• Ben Pivoz

Beast


Nate (Idris Elba) tries to protect his daughters from a murderous lion in Beast (Distributed by Universal Pictures)

The monster movie Beast has three things working in its favor. The first is economical storytelling; at 87 minutes (not including the end credits), it doesn’t waste much time getting to, and through, its action. The second is some beautiful/terrifying shots of the title creature stalking its prey amid the breathtaking landscape of the wilds of South Africa. The third is the presence of star Idris Elba, who brings authenticity to everything he does. Unfortunately, those three things, as important as they are, are no match for silly dialogue and characters so thinly drawn that it is a wonder the screenplay even bothered to give them a backstory. I believe a movie should be judged based mostly on how effective it is at doing what it sets out to do. Beast is a thriller that only intermittently thrills, making it unsuccessful at its main aim.


Nate takes his two daughters to South Africa to visit an old friend, as well as show them where he met their late mother. When they inadvertently enter the territory of a very angry lion, it becomes a desperate struggle to get out alive.


As in a lot of thrillers, basic family trauma is heaved upon them, to give the screenplay an easy shorthand. In this case, it is grief. Nate’s wife died from cancer not too long ago. He feels responsible, oldest daughter Mer blames him and younger daughter Norah just misses her mom. In theory, this horrific experience is meant to bond them closer together. In practice, their story is an excuse for them to have surface level arguments using clunky dialogue in between lion attacks. It comes off as so false. It certainly doesn’t help that the lion’s backstory makes him at least as sympathetic as the heroes, with the added positive that he never talks.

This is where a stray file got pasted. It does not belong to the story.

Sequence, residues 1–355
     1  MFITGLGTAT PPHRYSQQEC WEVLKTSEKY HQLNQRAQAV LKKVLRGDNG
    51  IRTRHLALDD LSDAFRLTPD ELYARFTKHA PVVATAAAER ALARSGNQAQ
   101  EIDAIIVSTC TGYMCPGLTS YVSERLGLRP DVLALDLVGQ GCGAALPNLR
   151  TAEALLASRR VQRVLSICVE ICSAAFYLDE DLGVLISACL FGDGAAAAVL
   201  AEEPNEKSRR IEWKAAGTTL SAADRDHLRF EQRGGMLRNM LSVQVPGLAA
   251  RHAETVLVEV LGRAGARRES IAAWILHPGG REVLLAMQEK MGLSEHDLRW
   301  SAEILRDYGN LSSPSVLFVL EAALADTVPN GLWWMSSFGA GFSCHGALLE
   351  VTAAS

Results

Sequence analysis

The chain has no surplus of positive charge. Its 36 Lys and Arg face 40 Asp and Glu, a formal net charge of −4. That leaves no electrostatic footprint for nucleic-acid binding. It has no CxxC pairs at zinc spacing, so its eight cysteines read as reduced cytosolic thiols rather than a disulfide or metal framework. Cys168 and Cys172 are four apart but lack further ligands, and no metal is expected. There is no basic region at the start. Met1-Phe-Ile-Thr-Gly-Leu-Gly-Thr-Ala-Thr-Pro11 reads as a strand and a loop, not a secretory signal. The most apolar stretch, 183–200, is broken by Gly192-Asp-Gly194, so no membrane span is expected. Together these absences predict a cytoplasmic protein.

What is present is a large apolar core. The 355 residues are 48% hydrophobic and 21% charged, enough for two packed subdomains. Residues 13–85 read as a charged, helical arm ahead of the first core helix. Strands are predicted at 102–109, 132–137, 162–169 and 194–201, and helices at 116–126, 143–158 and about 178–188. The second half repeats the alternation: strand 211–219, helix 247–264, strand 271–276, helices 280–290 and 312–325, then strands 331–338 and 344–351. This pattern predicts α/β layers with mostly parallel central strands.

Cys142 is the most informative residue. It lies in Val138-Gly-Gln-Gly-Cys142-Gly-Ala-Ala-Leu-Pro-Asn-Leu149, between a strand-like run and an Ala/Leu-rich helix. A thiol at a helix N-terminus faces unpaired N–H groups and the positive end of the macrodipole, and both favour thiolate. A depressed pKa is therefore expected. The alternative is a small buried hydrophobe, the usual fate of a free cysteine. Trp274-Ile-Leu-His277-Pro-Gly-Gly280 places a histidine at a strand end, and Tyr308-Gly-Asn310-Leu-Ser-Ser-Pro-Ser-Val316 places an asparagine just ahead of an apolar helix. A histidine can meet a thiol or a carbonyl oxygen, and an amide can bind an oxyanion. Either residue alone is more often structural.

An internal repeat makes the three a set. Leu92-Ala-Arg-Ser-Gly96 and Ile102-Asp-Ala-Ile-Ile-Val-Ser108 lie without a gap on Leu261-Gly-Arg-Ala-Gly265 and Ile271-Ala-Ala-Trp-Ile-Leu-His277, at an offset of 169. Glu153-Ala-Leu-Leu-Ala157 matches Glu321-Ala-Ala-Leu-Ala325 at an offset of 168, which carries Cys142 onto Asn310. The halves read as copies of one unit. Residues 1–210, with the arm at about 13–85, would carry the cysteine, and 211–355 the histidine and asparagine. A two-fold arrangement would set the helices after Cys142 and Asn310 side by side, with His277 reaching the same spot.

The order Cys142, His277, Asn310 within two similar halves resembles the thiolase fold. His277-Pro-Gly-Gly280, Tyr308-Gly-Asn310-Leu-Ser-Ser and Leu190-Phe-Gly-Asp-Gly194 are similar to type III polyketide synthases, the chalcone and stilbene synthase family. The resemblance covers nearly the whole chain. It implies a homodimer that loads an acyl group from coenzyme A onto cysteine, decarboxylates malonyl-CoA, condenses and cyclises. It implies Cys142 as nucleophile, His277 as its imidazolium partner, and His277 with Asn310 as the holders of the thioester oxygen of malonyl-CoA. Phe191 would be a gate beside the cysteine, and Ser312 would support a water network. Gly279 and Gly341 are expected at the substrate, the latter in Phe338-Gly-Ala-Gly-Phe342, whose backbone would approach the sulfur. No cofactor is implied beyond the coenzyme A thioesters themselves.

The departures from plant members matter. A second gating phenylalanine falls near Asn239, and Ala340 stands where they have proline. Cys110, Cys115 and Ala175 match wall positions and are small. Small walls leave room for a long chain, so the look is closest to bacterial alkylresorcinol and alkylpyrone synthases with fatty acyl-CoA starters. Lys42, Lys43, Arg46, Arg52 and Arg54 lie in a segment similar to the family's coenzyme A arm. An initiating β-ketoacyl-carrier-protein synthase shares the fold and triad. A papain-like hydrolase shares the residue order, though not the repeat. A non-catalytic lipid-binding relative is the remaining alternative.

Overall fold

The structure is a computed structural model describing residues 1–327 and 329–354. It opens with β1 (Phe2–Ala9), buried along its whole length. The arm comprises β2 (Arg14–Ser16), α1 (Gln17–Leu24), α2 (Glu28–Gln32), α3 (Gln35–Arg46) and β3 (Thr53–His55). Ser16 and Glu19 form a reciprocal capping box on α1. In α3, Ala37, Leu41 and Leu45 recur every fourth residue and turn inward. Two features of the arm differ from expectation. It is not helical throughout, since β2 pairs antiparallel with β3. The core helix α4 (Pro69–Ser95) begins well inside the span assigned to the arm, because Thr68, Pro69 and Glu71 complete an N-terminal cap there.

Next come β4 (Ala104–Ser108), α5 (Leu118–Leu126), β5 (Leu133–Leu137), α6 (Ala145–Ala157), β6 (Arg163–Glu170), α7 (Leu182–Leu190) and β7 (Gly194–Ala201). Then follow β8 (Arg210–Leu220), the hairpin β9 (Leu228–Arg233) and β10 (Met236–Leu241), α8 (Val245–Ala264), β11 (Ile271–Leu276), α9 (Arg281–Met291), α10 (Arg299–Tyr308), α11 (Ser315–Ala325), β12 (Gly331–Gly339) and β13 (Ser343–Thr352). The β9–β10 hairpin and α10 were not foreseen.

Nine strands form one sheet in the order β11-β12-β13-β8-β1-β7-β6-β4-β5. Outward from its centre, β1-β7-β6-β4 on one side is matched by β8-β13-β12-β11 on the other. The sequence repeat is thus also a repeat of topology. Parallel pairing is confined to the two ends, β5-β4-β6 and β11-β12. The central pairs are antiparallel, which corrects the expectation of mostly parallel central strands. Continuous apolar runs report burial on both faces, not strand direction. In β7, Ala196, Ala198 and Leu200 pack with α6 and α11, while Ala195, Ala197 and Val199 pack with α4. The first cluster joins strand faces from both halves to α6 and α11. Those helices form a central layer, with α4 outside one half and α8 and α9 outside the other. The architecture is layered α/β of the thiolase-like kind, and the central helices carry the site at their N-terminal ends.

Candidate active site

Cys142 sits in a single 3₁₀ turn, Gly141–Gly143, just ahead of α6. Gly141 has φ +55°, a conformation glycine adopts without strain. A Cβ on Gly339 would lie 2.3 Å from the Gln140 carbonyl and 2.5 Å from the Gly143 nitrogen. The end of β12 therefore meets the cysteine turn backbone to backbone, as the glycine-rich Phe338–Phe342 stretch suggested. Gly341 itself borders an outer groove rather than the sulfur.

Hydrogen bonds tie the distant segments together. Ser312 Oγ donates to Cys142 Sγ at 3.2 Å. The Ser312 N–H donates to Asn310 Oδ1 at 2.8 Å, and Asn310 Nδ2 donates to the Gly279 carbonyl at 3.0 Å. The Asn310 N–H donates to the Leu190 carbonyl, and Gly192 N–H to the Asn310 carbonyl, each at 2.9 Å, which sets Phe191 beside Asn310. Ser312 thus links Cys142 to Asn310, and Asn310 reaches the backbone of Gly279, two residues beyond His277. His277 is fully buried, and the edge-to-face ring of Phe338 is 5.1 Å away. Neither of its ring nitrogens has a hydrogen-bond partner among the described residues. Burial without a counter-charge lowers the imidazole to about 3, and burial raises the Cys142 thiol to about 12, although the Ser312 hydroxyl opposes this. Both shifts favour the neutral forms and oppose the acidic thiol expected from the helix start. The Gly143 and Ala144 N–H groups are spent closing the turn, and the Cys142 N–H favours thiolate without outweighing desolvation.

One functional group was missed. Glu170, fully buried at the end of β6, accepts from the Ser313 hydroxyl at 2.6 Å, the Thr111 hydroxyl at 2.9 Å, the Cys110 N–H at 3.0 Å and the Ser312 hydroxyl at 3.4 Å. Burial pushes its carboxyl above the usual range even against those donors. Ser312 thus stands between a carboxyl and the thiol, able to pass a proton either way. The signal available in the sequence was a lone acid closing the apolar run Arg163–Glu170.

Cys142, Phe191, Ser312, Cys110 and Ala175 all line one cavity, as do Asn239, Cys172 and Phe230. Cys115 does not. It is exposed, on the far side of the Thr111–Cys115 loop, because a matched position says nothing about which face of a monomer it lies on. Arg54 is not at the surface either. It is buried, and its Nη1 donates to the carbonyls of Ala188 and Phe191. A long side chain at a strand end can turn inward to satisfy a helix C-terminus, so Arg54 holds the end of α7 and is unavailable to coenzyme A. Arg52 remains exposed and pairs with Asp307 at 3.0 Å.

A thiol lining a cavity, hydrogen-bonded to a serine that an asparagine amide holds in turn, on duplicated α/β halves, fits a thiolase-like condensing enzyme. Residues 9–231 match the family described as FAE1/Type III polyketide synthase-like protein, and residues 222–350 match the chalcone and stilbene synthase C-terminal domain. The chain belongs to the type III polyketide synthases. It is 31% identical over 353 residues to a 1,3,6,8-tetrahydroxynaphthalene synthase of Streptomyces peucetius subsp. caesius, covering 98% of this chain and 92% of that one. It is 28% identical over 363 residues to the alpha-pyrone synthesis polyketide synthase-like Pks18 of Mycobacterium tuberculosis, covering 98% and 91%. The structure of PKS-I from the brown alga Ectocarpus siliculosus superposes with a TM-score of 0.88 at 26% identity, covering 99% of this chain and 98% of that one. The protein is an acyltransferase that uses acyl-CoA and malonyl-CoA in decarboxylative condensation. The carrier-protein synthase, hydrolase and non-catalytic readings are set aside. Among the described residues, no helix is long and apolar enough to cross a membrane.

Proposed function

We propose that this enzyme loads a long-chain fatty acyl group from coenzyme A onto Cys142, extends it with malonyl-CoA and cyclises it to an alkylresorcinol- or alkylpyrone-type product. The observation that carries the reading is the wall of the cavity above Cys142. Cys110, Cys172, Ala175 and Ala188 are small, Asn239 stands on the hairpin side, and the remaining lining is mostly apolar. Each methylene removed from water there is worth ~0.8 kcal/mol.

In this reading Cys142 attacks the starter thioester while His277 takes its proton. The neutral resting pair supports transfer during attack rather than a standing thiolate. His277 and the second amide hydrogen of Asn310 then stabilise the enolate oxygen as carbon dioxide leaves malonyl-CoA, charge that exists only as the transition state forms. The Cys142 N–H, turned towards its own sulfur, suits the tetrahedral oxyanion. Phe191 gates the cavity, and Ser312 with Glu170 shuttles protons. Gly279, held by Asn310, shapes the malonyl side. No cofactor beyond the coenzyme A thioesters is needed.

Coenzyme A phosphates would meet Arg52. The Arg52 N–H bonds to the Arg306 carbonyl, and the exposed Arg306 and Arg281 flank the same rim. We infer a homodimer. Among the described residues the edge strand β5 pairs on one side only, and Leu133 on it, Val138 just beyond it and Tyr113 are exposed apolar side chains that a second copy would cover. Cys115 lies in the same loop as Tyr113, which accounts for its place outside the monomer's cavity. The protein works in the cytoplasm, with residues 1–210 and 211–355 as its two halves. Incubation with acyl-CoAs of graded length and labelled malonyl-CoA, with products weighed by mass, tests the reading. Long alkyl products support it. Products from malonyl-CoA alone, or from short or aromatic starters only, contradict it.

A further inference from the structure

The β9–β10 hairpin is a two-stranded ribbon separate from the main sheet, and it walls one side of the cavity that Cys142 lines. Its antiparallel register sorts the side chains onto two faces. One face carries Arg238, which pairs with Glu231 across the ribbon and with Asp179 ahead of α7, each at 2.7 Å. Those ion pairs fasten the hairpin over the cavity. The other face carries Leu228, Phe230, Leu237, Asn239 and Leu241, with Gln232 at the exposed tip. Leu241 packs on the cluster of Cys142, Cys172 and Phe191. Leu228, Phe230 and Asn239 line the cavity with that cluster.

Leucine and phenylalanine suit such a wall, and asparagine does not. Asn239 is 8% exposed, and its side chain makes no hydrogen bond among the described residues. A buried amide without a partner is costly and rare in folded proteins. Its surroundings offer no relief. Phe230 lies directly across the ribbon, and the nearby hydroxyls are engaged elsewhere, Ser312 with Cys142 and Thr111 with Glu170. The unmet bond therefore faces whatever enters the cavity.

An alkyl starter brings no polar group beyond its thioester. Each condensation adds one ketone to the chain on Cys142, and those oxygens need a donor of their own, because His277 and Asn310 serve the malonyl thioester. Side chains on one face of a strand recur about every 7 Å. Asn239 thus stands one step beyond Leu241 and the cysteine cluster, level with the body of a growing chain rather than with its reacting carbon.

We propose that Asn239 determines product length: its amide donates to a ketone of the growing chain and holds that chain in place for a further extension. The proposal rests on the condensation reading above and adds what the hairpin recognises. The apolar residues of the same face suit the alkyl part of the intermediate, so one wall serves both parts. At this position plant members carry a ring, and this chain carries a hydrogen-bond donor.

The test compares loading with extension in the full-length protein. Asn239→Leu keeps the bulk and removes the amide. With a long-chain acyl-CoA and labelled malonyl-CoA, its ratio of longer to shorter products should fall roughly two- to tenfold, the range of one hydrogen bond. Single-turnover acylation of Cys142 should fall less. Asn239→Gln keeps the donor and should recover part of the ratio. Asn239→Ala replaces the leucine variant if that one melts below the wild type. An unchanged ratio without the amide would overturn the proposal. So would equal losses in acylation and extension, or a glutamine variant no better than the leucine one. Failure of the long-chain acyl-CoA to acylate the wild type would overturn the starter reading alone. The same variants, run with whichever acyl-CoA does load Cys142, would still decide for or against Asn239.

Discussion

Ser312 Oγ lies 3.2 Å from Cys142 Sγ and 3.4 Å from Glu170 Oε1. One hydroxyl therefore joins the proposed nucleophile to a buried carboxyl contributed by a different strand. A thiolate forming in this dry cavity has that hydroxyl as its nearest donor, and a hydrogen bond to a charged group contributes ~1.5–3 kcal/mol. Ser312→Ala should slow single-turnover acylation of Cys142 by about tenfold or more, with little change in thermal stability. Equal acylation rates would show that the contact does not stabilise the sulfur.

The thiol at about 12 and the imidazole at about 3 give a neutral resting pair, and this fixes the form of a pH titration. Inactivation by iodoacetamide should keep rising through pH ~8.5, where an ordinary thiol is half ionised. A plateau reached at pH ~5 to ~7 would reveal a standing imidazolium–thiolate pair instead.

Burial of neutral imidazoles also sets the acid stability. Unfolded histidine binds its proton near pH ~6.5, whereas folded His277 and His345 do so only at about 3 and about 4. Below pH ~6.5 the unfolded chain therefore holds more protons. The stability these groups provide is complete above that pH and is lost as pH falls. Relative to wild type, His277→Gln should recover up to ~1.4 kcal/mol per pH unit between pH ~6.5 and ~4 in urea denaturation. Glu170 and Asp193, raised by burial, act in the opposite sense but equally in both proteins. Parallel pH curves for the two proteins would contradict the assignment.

Beast opens with poachers attacking a pride, killing most of its members. One lion escapes and boy is he mad, choosing to take out his own grief on the entire human race. It is interesting that the lion isn’t really the villain here. There are several speeches about how terrible poachers are and if they left the animals alone, the animals would leave people alone. Of course, the “even dangerous animals are innocent creatures” message is somewhat undermined by all the scenes where the lion attempts to eat people who clearly mean it no harm. However, seeing as how this is a monster thriller and not an educational film, this is excusable.


Director Baltasar Kormákur stages some fairly cool sequences where the camera spots the threat before the characters do or swings around to show the audience exactly what they are fleeing from. Much of the story takes place in and around a broken-down car. That should have brought a sense of urgency, forcing the characters to get creative to find a way out. Instead, there is more waiting than there is ingenuity. The characters aren’t given a goal (besides “don’t die”), so the story has a real challenge generating tension. Idris Elba is a talented actor, but there are only so many times he can say “relax and stay put” and make it interesting.


2¼ out of 5


Cast:

Idris Elba as Dr. Nate Samuels

Iyana Halley as Meredith Samuels

Leah Jeffries as Norah Samuels

Sharlto Copley as Martin Battles


Directed by Baltasar Kormákur

Screenplay by Ryan Engle